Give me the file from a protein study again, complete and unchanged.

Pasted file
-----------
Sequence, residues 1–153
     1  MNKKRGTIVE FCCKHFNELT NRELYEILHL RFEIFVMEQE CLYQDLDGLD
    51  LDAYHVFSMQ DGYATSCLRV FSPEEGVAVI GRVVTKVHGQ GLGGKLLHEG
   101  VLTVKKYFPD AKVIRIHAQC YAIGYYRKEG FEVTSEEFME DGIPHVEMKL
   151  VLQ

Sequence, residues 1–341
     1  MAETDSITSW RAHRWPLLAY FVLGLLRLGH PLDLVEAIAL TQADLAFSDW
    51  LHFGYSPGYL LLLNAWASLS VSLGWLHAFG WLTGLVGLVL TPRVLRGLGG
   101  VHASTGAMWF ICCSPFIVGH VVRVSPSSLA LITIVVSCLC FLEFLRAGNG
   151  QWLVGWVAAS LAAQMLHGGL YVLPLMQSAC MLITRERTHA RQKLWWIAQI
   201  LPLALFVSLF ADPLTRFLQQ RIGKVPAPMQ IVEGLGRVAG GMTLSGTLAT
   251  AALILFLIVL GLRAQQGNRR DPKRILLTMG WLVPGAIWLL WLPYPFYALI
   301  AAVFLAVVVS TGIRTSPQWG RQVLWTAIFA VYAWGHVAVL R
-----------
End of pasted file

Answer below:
Sequence, residues 1–153
     1  MNKKRGTIVE FCCKHFNELT NRELYEILHL RFEIFVMEQE CLYQDLDGLD
    51  LDAYHVFSMQ DGYATSCLRV FSPEEGVAVI GRVVTKVHGQ GLGGKLLHEG
   101  VLTVKKYFPD AKVIRIHAQC YAIGYYRKEG FEVTSEEFME DGIPHVEMKL
   151  VLQ

Sequence, residues 1–341
     1  MAETDSITSW RAHRWPLLAY FVLGLLRLGH PLDLVEAIAL TQADLAFSDW
    51  LHFGYSPGYL LLLNAWASLS VSLGWLHAFG WLTGLVGLVL TPRVLRGLGG
   101  VHASTGAMWF ICCSPFIVGH VVRVSPSSLA LITIVVSCLC FLEFLRAGNG
   151  QWLVGWVAAS LAAQMLHGGL YVLPLMQSAC MLITRERTHA RQKLWWIAQI
   201  LPLALFVSLF ADPLTRFLQQ RIGKVPAPMQ IVEGLGRVAG GMTLSGTLAT
   251  AALILFLIVL GLRAQQGNRR DPKRILLTMG WLVPGAIWLL WLPYPFYALI
   301  AAVFLAVVVS TGIRTSPQWG RQVLWTAIFA VYAWGHVAVL R